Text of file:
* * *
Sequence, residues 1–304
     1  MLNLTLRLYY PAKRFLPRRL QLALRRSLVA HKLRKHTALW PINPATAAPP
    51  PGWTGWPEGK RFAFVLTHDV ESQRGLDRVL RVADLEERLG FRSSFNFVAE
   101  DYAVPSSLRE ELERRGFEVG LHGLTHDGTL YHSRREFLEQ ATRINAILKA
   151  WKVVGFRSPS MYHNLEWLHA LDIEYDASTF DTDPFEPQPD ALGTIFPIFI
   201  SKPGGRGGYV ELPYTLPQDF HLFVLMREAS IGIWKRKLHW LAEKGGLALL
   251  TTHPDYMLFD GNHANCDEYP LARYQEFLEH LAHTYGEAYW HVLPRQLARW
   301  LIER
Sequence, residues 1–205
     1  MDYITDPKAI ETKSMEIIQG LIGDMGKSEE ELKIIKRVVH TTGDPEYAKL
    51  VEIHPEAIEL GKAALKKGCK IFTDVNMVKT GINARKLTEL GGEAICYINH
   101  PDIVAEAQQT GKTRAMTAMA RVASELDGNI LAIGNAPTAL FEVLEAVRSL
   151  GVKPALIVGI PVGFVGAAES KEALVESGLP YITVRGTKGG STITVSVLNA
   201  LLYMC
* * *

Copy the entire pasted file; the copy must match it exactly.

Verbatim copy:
Sequence, residues 1–304
     1  MLNLTLRLYY PAKRFLPRRL QLALRRSLVA HKLRKHTALW PINPATAAPP
    51  PGWTGWPEGK RFAFVLTHDV ESQRGLDRVL RVADLEERLG FRSSFNFVAE
   101  DYAVPSSLRE ELERRGFEVG LHGLTHDGTL YHSRREFLEQ ATRINAILKA
   151  WKVVGFRSPS MYHNLEWLHA LDIEYDASTF DTDPFEPQPD ALGTIFPIFI
   201  SKPGGRGGYV ELPYTLPQDF HLFVLMREAS IGIWKRKLHW LAEKGGLALL
   251  TTHPDYMLFD GNHANCDEYP LARYQEFLEH LAHTYGEAYW HVLPRQLARW
   301  LIER
Sequence, residues 1–205
     1  MDYITDPKAI ETKSMEIIQG LIGDMGKSEE ELKIIKRVVH TTGDPEYAKL
    51  VEIHPEAIEL GKAALKKGCK IFTDVNMVKT GINARKLTEL GGEAICYINH
   101  PDIVAEAQQT GKTRAMTAMA RVASELDGNI LAIGNAPTAL FEVLEAVRSL
   151  GVKPALIVGI PVGFVGAAES KEALVESGLP YITVRGTKGG STITVSVLNA
   201  LLYMC